Elie Tahari’s European headquarters in Milan and a soon-to-open flagship store in Istanbul multiply the brand’s exposure. “Right now we are looking to expand in markets including the Middle East, Russia, and Asia,” says Tahari. Moscow’s leading department store Tsum, and London’s retail emporiums, Selfridges and Harvey Nichols, also have Elie Tahari shops. “This is quite tremendous for us,” says Kellogg. “I feel that it is important that we continue to grow on an international level in order to bring the Elie Tahari lifestyle to customers around the globe.” Elie Tahari’s presence in department stores such as Saks Fifth Avenue, Bergdorf Goodman, and Neiman Marcus strengthen the brand’s national appeal to a demographic seeking both style and luxury.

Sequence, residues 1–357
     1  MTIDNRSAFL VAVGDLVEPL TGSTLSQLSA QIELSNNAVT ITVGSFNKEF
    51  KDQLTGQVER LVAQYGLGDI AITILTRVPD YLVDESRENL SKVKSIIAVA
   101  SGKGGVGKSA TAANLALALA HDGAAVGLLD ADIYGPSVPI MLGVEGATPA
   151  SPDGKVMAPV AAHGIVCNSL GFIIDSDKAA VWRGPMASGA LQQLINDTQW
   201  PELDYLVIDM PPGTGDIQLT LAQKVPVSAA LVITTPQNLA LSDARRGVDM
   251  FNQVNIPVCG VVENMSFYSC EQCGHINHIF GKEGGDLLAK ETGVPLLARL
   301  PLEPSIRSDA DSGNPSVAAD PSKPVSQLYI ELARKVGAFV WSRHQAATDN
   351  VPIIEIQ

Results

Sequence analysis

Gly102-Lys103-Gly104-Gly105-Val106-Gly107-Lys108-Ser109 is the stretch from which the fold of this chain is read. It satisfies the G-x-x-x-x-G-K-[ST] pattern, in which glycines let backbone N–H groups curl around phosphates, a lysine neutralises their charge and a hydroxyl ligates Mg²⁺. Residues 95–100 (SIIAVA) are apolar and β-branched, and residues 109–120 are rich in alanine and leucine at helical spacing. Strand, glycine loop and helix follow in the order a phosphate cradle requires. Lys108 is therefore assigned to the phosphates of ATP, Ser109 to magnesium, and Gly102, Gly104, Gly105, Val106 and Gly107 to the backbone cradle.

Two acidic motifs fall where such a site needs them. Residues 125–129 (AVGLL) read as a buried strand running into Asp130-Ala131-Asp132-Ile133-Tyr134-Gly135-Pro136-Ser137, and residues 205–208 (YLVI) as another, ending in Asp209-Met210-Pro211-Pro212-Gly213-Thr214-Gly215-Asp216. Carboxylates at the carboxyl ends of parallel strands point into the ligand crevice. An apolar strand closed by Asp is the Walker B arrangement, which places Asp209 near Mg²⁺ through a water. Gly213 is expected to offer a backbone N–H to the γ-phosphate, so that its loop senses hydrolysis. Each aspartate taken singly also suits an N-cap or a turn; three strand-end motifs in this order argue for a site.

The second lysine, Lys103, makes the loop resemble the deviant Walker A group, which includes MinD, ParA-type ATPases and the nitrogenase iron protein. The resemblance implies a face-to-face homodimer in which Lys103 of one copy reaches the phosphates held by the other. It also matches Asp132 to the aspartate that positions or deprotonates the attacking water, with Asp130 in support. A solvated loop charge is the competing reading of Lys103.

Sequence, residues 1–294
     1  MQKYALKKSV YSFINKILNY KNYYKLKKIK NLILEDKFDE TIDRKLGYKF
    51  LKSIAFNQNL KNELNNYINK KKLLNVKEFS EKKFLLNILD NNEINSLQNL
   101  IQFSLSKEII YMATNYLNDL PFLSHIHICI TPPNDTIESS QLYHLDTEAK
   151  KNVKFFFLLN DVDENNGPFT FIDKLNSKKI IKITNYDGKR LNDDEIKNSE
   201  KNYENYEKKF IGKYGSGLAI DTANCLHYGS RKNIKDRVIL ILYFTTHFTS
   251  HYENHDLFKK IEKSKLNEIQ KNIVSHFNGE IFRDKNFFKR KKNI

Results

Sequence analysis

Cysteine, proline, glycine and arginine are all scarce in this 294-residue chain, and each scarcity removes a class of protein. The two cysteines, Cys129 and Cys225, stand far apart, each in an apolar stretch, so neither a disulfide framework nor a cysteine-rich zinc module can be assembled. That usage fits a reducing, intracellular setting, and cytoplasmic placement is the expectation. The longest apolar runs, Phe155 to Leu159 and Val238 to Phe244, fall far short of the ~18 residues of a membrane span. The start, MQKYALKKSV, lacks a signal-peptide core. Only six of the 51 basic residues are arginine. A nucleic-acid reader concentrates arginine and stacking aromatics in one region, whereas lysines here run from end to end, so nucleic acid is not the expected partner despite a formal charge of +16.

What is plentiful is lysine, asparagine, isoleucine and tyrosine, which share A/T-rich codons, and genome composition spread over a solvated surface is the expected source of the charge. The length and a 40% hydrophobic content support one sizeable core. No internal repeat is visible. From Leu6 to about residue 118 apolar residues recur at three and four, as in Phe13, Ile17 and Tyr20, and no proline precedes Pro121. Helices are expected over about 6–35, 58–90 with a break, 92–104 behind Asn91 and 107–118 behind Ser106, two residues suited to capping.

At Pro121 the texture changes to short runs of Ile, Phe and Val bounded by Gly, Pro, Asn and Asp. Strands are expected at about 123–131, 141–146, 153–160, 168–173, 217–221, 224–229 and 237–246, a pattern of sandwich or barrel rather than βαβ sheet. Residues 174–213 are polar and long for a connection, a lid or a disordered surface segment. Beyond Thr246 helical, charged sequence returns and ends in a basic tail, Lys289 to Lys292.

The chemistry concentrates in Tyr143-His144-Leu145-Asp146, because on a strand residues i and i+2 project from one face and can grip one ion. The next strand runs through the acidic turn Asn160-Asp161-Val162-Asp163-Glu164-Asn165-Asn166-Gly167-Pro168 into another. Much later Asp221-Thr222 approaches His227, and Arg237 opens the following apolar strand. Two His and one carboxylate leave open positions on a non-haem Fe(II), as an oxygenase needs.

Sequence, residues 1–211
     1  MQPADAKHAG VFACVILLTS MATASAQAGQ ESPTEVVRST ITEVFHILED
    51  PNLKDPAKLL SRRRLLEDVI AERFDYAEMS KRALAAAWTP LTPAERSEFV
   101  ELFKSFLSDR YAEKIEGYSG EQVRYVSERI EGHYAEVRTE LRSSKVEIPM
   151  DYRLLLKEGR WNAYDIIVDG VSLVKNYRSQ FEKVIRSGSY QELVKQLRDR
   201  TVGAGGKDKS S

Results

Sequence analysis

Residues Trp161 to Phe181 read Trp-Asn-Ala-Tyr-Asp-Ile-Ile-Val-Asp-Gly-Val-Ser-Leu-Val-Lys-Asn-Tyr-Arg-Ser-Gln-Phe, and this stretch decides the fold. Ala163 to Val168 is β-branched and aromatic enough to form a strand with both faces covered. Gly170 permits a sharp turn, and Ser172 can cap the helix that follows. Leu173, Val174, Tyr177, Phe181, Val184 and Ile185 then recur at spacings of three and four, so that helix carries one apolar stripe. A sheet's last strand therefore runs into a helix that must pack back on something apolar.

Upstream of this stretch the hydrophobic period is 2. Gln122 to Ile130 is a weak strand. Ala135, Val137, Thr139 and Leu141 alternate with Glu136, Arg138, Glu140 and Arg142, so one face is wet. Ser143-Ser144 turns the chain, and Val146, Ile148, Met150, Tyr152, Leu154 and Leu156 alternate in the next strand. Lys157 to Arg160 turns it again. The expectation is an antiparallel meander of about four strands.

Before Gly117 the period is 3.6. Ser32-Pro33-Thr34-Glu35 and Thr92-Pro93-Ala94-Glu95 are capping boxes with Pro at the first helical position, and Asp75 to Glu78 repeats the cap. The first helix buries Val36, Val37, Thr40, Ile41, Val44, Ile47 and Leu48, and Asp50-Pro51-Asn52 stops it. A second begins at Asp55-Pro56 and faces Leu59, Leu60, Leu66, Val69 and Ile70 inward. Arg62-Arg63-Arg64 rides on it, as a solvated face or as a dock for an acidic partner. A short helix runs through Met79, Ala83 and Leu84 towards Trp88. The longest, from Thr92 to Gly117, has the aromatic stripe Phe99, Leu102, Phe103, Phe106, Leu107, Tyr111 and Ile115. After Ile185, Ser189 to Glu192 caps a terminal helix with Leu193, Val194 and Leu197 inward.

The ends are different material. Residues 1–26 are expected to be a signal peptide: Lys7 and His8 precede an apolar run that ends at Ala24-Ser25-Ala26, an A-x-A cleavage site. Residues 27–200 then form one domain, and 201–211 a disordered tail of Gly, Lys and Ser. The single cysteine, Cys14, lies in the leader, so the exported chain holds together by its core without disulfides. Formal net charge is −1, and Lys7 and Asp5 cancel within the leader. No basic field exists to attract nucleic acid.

The future of Elie Tahari includes the possibility of expanded lifestyle stores, which will offer everything from clothing and home accessories to cosmetics and fragrance. Following a successful foray into women’s accessories, a men’s accessories line will launch this fall. More stores are in development, and a new crop will soon burgeon in Europe and Asia. “Real estate opportunities and options are developed with our partners,” explains Tahari, who has collaborated with such prestigious companies as Unitim Holding and SK Networks, a remarkable feat for a man that began with only $60 of start-up capital. “To have wealth and love, you’ve got to work on it,” concludes Tahari, as he leans back and smiles. “But love especially, because you can’t win it or own it, but it’s the most important thing in life.”